Authors: Dee Garretson
For my father, Keith Garretson,
who would have seen himself and his influence
in many parts of this story
Meramec River, Missouri
Camp Misty Mount
The Presidential Lodge
The Command Center
The Situation Room
Catoctin Mountain Park
The Main Gate
The Tree House
Air and Ground
The Inner Zone
The Outer Zone
The Back Gate
Out of Place
The Front Line
The Golf Cart
The White House
5:41 A.M., CENTRAL TIME, AUGUST 22
The roar came from
deep in the earth, growing louder as it raced toward the surface. Within seconds the river began to tremble. Fish, only a few at first, then more and more, leaped out of the water, slapping back down onto it with sharp claps. As the earthquake struck, the land jolted violently. The ground heaved. Shock waves radiated out in all directions, spreading fast, shaking everything in their path.
THE PRESIDENTIAL LODGE, MARYLAND,
FOUR MINUTES LATER, 6:45 A.M., EASTERN TIME
The helicopter hovered two
feet above Theo's nose. The tiny rotors were buzzing, but Theo didn't stir, didn't open his eyes. He just kept sleeping. Luke, sitting cross-legged on his own bed with the remote control, moved the lever a fraction. The helicopter dropped down just enough so that the feather dangling from it brushed his friend's forehead. Still no reaction.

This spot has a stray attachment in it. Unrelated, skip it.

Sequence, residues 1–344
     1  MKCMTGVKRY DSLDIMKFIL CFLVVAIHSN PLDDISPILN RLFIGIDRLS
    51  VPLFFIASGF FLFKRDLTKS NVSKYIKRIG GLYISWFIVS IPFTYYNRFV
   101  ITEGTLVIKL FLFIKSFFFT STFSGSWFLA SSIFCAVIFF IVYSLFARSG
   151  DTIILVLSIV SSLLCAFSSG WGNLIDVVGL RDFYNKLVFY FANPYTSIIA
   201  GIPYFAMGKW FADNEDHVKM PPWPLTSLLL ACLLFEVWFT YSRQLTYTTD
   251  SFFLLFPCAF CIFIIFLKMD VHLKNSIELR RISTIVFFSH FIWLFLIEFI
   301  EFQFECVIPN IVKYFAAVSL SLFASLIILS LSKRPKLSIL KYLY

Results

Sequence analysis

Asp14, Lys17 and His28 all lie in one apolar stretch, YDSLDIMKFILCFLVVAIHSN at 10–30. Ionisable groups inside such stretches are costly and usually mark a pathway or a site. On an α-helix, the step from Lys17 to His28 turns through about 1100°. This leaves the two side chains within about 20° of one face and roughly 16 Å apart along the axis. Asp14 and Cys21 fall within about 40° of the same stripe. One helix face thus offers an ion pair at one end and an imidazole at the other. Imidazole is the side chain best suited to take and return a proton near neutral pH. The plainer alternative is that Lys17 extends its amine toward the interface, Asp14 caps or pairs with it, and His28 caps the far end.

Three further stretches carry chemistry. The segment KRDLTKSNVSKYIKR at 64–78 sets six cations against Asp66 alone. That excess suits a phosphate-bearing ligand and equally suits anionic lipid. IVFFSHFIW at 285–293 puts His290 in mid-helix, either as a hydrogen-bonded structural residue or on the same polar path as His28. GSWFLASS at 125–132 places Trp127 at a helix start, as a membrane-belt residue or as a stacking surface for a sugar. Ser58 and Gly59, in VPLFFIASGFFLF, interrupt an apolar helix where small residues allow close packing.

Except from Comet, Luke's dog, who jumped up on the bed, whining and bumping his arm. The helicopter took a dive, nearly crashing into
Theo's thick, curly hair. Luke pulled the lever back just in time. If the helicopter had gone into that hair, it would have been a goner, like one of those prehistoric creatures sucked down into a tar pit and turned into a fossil.
“Comet, stop, please, I need to concentrate. I'll get up in just a minute.” Still whining, the Jack Russell terrier circled around Luke. The bed began to shake. It made no sense. How could a small dog like Comet shake a big piece of furniture?
Luke tried to get up, but the floor shifted under him and he lost control, crashing the helicopter. On the other side of the room, the electric train table shook, and the railcars slid sideways into the wall. The trestle bridge shivered as a tiny plastic cow grazing in a pasture fell onto the track. Luke couldn't take his eyes off the cow wobbling back and forth in front of the train.
A siren blared outside and his mouth went dry, panic taking over. Adam Martens, one of Luke's Secret Service agents, opened the door as Comet dove under the bed.
“Luke, stand still,” Adam ordered.
Luke managed one gulp of air. “What's happening? What do we need to do?”
“Relax. Look at me. Take a deep breath. It's an earthquake.”
“An earthquake! Where's my dad?” Luke was already moving to the window to see if his father was in the pool for his morning swim.
“Stay away from the window until the shaking stops,” Adam ordered, but Luke was already there, holding the sill to steady himself. He could see his dad in the deep end, swimming toward the edge of the pool as waves sloshed out, drenching two Secret Service agents who knelt on the ground trying to reach his father.